The border restrictions have choked off tourism between the two countries. Canadian businesses, especially airlines and those that depend on tourism, have been lobbying the Liberal government to relax the restrictions.

Canada last week took a cautious first step, saying it was prepared to relax quarantine protocols for fully vaccinated citizens returning home starting in early July.

Trudeau, speaking after a Group of Seven summit in Britain, said he had talked to Biden “about coordinating measures at our borders as both our countries move ahead with mass vaccination.” Canada is resisting calls for the border measures to be relaxed, citing the need for more people to be vaccinated.

The United States is ahead of Canada in terms of vaccination totals.

“We will continue to work closely together on moving forward in the right way but each of us always will put at the forefront the interests and the safety of our own citizens,” Trudeau told a televised news conference when asked the Biden conversation.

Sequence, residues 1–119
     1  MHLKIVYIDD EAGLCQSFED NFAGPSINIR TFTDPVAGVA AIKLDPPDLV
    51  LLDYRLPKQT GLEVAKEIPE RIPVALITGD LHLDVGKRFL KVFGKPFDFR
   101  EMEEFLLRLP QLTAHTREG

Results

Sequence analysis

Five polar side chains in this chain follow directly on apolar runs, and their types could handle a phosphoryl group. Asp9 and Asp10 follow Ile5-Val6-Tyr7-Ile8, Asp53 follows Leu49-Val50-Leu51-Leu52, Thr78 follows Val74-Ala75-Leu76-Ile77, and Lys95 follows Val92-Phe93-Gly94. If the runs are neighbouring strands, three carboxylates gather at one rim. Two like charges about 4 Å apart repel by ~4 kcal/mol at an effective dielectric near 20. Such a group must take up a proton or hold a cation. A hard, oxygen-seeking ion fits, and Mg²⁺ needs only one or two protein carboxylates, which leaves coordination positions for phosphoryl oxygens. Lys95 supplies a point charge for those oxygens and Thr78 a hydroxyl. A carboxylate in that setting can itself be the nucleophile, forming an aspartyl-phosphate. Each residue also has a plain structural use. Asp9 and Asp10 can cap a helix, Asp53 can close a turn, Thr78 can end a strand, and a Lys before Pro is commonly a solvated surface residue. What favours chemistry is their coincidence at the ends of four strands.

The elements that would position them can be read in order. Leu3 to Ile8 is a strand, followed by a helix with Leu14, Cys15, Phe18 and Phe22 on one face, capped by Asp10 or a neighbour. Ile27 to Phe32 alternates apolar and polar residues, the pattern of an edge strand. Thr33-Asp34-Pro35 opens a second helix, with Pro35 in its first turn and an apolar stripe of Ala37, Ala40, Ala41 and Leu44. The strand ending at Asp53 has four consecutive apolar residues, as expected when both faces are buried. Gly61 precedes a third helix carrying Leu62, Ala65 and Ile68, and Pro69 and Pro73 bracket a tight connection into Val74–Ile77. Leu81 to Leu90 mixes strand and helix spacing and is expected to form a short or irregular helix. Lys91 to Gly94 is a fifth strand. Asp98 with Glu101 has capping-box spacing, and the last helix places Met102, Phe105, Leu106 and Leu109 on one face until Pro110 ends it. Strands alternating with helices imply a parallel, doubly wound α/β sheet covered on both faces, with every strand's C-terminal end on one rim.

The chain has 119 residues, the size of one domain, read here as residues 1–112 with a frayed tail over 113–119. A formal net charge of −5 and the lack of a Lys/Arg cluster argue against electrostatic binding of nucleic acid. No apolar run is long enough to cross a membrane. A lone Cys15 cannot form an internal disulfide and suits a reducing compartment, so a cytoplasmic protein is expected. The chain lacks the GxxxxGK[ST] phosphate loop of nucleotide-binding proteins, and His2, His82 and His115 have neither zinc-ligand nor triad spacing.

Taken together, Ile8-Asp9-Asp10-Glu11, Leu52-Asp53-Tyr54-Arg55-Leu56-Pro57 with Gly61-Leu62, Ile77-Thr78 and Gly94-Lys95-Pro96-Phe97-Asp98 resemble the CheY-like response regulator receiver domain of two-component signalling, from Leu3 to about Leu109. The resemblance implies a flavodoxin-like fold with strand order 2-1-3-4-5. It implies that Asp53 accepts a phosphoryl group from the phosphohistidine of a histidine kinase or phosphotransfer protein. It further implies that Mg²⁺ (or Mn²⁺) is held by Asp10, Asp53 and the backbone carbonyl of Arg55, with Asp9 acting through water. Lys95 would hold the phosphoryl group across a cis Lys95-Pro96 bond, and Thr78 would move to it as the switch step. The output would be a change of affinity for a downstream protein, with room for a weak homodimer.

“Many countries, like Canada, continue to say that now is not the time to travel,” Trudeau added, though he said it is important to get back to normalcy as quickly as possible.

 

(Reporting by David Ljunggren in Ottawa; Editing by Will Dunham)

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Man with 39 wive dies in India

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A 76-year-old man who had 39 wives and 94 children and was said to be the head of the world’s largest family has died in north east India, the chief minister of his home state said.

Ziona Chana, the head of a local Christian sect that allows polygamy, died on Sunday, Zoramthanga, the chief minister of Mizoram and who goes by one name, said in a tweet.

With a total of 167 members, the family is the world’s largest, according to local media, although this depends on whether you count the grandchildren, of whom Ziona has 33.

Winston Blackmore, the head of a polygamous Mormon sect in Canada, has around 150 children from 27 wives – 178 people in total.

Ziona lived with his family in a vast, four-story pink structure with around 100 rooms in Baktawng, a remote village in Mizoram that became a tourist attraction as a result, according to Zoramthanga.

The sect, named “Chana”, was founded by Ziona’s father in 1942 and has a membership of hundreds of families. Ziona married his first wife when he was 17, and claimed he once married ten wives in a single year.

They shared a dormitory near his private bedroom, and locals said he liked to have seven or eight of them by his side at all times.

Despite his family’s huge size, Ziona told Reuters in a 2011 interview he wanted to grow it even further.